Jonathan W. Jordan: Review of John J. McLaughlin's "General Albert C. Wedemeyer"
Mr. Jordan is the author of "Brothers, Rivals, Victors: Eisenhower, Patton, Bradley, and the Partnership That Drove the Allied Conquest in Europe."
"World War II," wrote Adm. William Leahy, President Roosevelt's wartime chief of staff, "was the best-charted war ever fought. Everybody had charts for everything. We even had a section of the Government devoted solely to telling the rest of the Government how to make charts." The ubiquitous charts—together with such equally mundane cousins as tables, memoranda and staff studies—were the first weapons that America's high command wielded against the three Axis empires. Through them, men were drafted and trained, uniforms and equipment were procured, and Allied strategy took form amid a vast stew of logistical, political and industrial considerations.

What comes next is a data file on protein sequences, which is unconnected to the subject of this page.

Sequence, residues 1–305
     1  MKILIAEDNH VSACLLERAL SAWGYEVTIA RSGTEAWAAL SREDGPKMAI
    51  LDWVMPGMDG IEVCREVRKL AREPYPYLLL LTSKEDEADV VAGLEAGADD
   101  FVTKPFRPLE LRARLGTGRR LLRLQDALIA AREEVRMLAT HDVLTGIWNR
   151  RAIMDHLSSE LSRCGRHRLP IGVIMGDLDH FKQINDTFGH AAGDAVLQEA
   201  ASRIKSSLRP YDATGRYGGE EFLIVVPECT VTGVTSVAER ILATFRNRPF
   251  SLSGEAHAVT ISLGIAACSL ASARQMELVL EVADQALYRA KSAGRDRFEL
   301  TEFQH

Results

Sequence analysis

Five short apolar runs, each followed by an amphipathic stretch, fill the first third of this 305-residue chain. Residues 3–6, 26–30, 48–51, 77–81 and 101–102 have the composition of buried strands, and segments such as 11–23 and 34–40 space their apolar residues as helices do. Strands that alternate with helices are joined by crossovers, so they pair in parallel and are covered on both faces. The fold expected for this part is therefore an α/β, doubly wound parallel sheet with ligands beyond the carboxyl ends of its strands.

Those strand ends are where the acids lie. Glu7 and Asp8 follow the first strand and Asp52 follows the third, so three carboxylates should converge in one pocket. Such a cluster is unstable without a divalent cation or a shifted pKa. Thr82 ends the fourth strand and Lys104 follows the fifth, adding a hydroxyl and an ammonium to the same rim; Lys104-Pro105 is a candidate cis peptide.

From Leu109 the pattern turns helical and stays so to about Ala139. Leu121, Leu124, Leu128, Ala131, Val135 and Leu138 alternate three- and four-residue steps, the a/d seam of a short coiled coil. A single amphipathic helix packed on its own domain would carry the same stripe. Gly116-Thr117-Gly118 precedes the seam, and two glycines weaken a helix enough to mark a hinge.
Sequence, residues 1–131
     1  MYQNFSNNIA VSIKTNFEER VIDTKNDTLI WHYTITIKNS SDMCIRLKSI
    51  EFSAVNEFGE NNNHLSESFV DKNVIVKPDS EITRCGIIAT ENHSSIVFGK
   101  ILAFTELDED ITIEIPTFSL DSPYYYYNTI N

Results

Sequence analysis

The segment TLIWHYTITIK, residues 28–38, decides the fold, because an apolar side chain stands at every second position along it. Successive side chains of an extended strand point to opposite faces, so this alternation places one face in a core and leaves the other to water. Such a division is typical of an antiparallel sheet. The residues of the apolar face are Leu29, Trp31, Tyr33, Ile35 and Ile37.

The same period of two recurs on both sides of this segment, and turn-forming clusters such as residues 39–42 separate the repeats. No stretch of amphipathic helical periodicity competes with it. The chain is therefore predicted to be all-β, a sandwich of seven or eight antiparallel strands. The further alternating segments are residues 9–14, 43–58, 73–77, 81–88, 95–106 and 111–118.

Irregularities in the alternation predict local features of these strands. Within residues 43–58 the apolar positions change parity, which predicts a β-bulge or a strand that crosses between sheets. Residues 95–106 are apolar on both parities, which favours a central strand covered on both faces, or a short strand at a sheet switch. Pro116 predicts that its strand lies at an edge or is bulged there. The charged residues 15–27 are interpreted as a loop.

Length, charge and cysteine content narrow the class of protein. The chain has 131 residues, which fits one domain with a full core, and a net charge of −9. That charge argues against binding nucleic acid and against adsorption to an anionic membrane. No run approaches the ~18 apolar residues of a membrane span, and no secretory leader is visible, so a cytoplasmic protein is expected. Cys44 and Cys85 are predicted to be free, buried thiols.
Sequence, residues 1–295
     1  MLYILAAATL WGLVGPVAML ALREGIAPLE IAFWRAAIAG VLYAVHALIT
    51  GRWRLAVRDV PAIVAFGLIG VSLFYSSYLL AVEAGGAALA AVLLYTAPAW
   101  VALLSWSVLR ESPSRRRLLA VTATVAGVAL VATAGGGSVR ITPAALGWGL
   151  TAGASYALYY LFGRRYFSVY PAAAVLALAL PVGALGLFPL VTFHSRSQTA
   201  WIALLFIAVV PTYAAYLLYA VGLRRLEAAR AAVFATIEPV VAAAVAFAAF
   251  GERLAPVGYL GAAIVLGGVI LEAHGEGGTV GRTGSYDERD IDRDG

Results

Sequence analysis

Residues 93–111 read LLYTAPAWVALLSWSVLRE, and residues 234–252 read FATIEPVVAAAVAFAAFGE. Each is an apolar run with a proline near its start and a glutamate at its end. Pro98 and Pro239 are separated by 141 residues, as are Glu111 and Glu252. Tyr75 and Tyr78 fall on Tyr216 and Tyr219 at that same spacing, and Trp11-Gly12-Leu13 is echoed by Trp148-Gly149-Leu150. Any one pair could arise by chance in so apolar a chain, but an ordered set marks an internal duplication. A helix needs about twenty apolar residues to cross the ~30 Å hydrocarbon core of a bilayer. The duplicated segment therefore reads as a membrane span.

The generals who ponder these crucial questions have always been less heralded than those who led through smoke and fire. This makes John J. McLaughlin's study of one of the U.S. Army's key planners all the more welcome....
comments powered by Disqus
- England's King Richard III died painfully on battlefield
- 93-year-old former Auschwitz guard charged
- Martin Amis’s ‘Zone of Interest’ Makes European Publishers Squirm
- Urban Outfitters Features "Vintage" Red-Stained Kent State Sweatshirt
- Americans know surprisingly little about their government, survey finds